During a recent conversation with my new partner in crime, Rachel, I found out that "Studio 60" is more biographical than I thought. Remember the line in the pilot that stuck out like a sore thumb? The one where Matthew Perry's character calls Pat Robertson a bigot and chastizes his Christian ex-girlfriend for going on the "700 Club" to promote her album?
Well, "Studio 60" creator Aaron Sorkin didn't have to search far for this idea. Just last year, his Christian ex-girlfriend Kristin Chenoweth went on the "700 Club" to promote her album. Sorkin is no stranger to taking real events and recycling them into his work. So was this past week's episode, "Plagiarism," a shot at SNL for their recent indiscretions? For those not in the know, here's a brief rundown. First there was the "Peyote" short on SNL that felt awfully similar to Improv Everywhere's "Suicide Jumper" bit. Then there was the controversy over a joke Dane Cook delivered in his SNL monologue last year that sounded very similar to an old Demetri Martin joke. With Sorkin's track record, I wouldn't be surprised if last week's episode was "ripped from the headlines," as Law and Order would say.
And speaking of plagiarism, am I the first person to call out Stephen Colbert and "The Colbert Report" on ripping off "Freak Show," a show from their own network?
Here's how the premiere episode of "Freak Show" (10/04/06) began:
"In 1972, President Richard Nixon, Augusto Pinochet, Henry Kissinger, and Adolph Hitler met aboard Kissinger's yacht, the Wet Dream II."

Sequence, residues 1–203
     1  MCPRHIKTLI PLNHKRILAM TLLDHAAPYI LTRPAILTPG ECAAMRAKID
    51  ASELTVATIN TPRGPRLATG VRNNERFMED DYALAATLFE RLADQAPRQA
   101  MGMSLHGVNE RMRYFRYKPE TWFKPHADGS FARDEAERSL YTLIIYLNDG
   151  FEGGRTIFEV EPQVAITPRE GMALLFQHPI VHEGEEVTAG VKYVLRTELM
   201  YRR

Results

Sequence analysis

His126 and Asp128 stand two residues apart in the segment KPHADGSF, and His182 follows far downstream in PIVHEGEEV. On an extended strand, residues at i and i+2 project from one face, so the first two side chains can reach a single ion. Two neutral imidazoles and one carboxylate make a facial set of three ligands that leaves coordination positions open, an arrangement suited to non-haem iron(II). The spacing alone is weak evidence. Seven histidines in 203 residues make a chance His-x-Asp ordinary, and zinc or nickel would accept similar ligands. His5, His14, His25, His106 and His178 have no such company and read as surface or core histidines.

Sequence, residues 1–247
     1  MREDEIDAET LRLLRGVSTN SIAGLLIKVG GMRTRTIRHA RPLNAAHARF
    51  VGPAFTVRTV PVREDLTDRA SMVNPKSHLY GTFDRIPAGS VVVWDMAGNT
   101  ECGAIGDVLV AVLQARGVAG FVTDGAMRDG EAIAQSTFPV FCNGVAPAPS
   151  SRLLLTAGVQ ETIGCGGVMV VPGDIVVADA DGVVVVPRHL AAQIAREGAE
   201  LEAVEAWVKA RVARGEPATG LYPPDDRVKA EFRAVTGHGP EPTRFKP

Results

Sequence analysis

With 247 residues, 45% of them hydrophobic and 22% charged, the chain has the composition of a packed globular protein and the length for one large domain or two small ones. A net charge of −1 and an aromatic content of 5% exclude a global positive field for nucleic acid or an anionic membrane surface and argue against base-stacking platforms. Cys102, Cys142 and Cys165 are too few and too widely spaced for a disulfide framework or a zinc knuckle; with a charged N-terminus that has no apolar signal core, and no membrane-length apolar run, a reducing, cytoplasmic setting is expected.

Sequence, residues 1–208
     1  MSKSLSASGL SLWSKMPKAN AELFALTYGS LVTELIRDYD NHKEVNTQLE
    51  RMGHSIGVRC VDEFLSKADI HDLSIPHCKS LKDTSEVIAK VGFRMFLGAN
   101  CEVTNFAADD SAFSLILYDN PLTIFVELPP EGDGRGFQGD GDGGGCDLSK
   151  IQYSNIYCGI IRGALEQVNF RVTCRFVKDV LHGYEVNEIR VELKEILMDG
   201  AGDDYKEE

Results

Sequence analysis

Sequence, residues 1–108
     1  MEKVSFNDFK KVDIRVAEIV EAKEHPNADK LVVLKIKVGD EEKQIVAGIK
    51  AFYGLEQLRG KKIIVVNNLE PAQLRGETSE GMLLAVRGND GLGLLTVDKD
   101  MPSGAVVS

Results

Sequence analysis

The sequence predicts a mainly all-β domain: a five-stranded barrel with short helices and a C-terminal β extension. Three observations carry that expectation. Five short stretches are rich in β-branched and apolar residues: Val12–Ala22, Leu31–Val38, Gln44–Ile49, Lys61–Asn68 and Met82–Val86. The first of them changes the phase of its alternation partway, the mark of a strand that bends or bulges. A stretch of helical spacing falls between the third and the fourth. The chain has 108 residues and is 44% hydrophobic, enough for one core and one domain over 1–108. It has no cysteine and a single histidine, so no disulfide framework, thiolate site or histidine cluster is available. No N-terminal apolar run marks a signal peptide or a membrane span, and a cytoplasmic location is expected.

And here's what Stephen Colbert said to Jon Stewart during the last segment of Monday night's "The Daily Show" (10/09/06):
Colbert: "Here's a little bit of Columbus trivia, Jon, did you know he originally set out with four ships?"
Stewart: "The Nina, the Pinta, the Santa Maria..."
Colbert: "And the Wet Dream II."
Hmmm... using Colbert's own terminology, I would say I just NAILED IT.
I don't know who wrote this, but I do know that "Colbert Report" writer Laura Krafft is friends with the "Freak Show" guys. She may or may not have been involved in writing this segment. If she wasn't, I'm left to assume someone else who's even less affiliated with "Freak Show" wrote it. But even if this mystery writer was given permission to use this, COME ON. Doesn't the "Colbert Report" recycle jokes enough already? Don't get me wrong. I appreciate the man's brilliance. I was even able to appreciate it in person last winter (that's me on the far left with the green hat, about to high-five Stephen). But if I hear him use the "I have black friends" joke one more time (which itself is strangely similar to blackpeopleloveus.com), I'm going to jump off a plagiarized ledge.